I've already talked about my method for keeping track of the clothes we have in storage. Knowing what I have is enormously helpful, because it keeps me from buying stuff I already have (mostly...), and helps me stick with a basic color scheme (at least, theoretically...)
As a note, my oldest child is only three -- there's a lot I haven't learned yet, and I'm sure my shopping habits will change as my children grow up and start having their own opinions (eek!). But I'm guessing that some of the basics will remain the same.
So without further ado, here are some tips for dressing kids without breaking the bank.
1. Know Your Budget. This should probably be the first consideration! Our family doesn't have a "strict" clothing budget, though I'm considering implementing one. Currently it's more of a "find what we need at the least possible cost" sort of thing. When I want to splurge on children's clothing, I will pay for part or all of the garment with my "allowance" (a certain amount I'm allotted monthly to spend as I like).
It's also good to know where you want to spend the money you have. Do I want most of my clothing budget to go towards tees and leggings, or would I rather spend it on a few special pieces? Perhaps by making some of the pieces I need, I can have more to spend elsewhere. I recently spent $22 on a pair of Zara corduroy trousers for my son, because they came with button-on suspsenders (I don't like the more readily available clip-on kind, and apparently the button-on kind are impossible to find). That's more than I would usually spend for pants, but I knew that I could use the adjustable suspenders for several years by simply adding buttons to his other trousers. He'll wear the trousers next year, but he can use the suspenders this year, next year, and probably for several years after.
2. Know what you want. If money were no object, how would you dress your child? You may not be picky, and that's great (especially for your wallet!). If you do have a more specific aesthetic, perhaps you can start a Pinterest board with favorite garments, or create a few Polyvore groupings that will help you define your (or your child's) style. I have the little "Clip to Polyvore" button on my task bar, which lets me grab images from any clothing website I come across. Knowing what you like helps you buy with confidence.
I try to avoid lengthy online shopping sessions (which usually end in my checking the cart balance, gulping, and closing my browser window), but it is helpful to know what's out there. Pick a few favorite brands and browse once in a while (this is also great for sewing inspiration!). A few of my favorite children's brands are Janie and Jack, Zara, GAP, Ralph Lauren, Gymboree, some Old Navy, and some H&M -- not that I can afford to purchase most of those brands full price! Which is actually good, because I'm not as tempted to buy when the prices are insanely high.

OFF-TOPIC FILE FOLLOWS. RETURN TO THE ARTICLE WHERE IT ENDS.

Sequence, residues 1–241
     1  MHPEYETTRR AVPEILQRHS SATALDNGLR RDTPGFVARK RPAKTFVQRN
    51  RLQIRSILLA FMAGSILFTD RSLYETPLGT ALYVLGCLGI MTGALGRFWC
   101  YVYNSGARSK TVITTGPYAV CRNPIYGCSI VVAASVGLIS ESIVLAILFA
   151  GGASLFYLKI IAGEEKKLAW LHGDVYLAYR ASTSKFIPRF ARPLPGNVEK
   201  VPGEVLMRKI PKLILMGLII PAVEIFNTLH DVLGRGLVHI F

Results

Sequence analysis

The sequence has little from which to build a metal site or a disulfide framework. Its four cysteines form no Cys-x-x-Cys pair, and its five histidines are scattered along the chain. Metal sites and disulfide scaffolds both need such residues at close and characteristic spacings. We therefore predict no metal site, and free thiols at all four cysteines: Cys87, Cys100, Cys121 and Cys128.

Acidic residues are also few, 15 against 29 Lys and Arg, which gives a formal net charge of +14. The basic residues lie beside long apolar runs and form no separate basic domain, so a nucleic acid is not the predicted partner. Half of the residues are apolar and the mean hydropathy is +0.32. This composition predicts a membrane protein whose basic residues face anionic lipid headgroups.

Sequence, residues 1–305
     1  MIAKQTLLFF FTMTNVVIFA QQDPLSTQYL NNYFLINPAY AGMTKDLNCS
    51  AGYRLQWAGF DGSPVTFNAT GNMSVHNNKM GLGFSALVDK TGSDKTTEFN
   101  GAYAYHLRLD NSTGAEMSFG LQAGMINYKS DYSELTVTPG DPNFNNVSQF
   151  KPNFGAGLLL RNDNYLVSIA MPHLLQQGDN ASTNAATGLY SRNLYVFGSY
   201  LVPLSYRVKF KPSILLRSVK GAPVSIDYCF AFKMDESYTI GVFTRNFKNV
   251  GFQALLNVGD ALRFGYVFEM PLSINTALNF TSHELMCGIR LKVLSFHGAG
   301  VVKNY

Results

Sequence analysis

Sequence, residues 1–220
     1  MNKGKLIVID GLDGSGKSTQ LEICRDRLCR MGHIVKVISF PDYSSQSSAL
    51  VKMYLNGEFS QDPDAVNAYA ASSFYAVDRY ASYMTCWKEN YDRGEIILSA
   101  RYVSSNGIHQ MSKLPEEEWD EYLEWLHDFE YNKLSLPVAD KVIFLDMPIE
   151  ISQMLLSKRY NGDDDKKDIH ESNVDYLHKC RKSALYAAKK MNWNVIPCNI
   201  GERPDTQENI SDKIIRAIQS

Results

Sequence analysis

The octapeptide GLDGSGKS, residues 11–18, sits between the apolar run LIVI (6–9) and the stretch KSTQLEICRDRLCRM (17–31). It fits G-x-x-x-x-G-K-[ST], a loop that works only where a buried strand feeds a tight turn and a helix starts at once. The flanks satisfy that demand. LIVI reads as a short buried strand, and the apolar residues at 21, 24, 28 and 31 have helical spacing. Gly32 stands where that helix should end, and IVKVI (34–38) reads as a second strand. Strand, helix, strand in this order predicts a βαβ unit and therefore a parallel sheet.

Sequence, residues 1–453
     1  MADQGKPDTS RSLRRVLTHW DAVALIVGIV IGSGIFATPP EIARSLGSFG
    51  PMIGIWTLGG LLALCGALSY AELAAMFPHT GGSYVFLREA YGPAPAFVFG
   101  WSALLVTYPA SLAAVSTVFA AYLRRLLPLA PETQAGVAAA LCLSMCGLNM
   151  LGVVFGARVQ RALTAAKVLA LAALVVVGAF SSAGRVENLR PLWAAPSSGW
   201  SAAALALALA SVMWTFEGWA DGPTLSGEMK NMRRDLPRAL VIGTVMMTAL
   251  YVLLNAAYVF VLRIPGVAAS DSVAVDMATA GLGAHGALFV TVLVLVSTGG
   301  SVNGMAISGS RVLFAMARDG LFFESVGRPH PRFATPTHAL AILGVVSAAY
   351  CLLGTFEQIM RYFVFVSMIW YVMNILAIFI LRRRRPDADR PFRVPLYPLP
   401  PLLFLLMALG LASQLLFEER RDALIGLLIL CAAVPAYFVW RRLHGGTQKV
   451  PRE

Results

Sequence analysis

Being overly picky doesn't work well when shopping secondhand (and how picky you can be will depend on your budget), but some sort of decision making is required when sifting through a clothing rack! Knowing what I like can mean the difference between a closet stuffed with "okay" clothes, or a just-right closet of favorites.
Side rant: Why is it so ridiculously hard to find children's clothes WITHOUT skulls, sassy slogans, or cartoon characters plastered all over them? Does every pair of little girls' shoes need a slathering of glitter? And do clothing manufacturers realize that girls can wear colors other than neon pink? Okay, I've said my say. Rant over. *wink*
3. Know what you need. Your child's wardrobe will vary based on location (farm vs. city), climate (Maine vs. Florida), and lifestyle (country club vs. casual). It helps to plan ahead so that you buy only clothing that will be useful. Four pairs of slacks aren't necessary if your son only wears "nice" clothes on Sundays, but might be essential if he has a school uniform. Six sweaters might be overkill in Texas, but would be barely enough to get through a Montana winter. There's no simple formula for each family, or even each child.
How much you need will also depend on how messy your child is, and how often you want to do laundry. Also, consider how you'll need to care for a garment before you buy -- dry cleaning is probably best reserved for special occasion clothing.
4. Limit your color palette. While my budget prevents me from being super picky, limiting the colors I buy in any given season can save some cash. I'll admit, I have a long way to go with this. However, a bargain that doesn't match anything is either money wasted, or requires more money to buy something that matches. Not such a bargain after all...
Oh, and don't forget that a rainbow of colors in the wardrobe can also mean that you need a variety of shoes to blend (assuming matching shoes is something you care about -- I personally can't stand mismatched shoes).
5. Shop used when possible. It's better for your wallet, better for the environment, and quite frankly, you can often walk away with items that are far nicer than what you could afford brand new. I could just buy my kids' clothes brand new from Wal Mart or Target, but by purchasing used clothing I save money and have more selection. My best find was a like-new 18-24 mths Janie and Jack wool blazer for my son at a local thrift store. It would have cost roughly $90 new, but I only paid $2 -- and the timing was perfect for a formal event that was on our calendar. Cha-ching.
I'm probably preaching to the choir here, so 'nuff said!
6. Know your local stores. I do most of my shopping at one thrift store and one consigment stores in my area. There are more thrift/consignment stores around, but these two specific stores are economical and easy to access. The thrift store sells all clothing for $1, and occasionally has $0.50 or $0.25 sales on children's clothing. The consignment shop generally has better selection (and higher prices), and also has a store credit policy that allows me to bring in 15 items per visit. I take in hand-me-downs we won't use, outgrown clothing I don't want to store (some of which I originally purchased at the same shop!), maternity clothes, etc. The credit is added to my account, and I very rarely pay for anything I buy out of pocket.
I don't have a lot of time to shop (and gas prices aren't exactly low), so by limiting my regular visits to just two stores, I save time and money. Sure, it's hit or miss with secondhand shops, but I've saved a boatload and had some pretty great finds.
This Janie and Jack set in near-perfect condition ended up costing $1 at my favorite thrift store. Score!